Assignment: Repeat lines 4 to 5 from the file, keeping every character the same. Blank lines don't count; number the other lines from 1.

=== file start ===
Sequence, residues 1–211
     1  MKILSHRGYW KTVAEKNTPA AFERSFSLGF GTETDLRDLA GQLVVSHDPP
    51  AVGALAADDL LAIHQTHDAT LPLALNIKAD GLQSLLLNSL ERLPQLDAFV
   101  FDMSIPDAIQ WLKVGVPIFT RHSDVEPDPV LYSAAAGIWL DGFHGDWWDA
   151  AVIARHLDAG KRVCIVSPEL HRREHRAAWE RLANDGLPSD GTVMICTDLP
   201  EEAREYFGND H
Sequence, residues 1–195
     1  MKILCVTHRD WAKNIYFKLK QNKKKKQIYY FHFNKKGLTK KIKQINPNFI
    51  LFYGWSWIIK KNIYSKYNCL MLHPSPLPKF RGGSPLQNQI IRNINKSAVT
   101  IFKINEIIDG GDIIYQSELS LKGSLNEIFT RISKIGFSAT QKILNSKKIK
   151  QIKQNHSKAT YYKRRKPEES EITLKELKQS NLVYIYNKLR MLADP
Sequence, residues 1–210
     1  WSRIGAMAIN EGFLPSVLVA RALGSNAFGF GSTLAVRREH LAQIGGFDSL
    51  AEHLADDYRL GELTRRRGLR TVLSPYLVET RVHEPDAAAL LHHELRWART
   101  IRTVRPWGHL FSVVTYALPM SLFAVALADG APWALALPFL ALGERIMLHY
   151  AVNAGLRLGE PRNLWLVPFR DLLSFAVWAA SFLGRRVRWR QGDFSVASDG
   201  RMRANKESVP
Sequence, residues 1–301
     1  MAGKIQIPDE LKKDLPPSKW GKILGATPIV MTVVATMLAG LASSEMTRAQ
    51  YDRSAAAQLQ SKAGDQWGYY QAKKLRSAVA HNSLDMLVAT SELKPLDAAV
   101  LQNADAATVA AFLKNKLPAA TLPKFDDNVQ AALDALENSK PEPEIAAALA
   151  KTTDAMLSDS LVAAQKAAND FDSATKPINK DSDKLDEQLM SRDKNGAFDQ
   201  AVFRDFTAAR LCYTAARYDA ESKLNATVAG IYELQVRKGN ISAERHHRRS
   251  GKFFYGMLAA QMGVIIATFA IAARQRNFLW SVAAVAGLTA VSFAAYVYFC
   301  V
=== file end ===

   101  FDMSIPDAIQ WLKVGVPIFT RHSDVEPDPV LYSAAAGIWL DGFHGDWWDA
   151  AVIARHLDAG KRVCIVSPEL HRREHRAAWE RLANDGLPSD GTVMICTDLP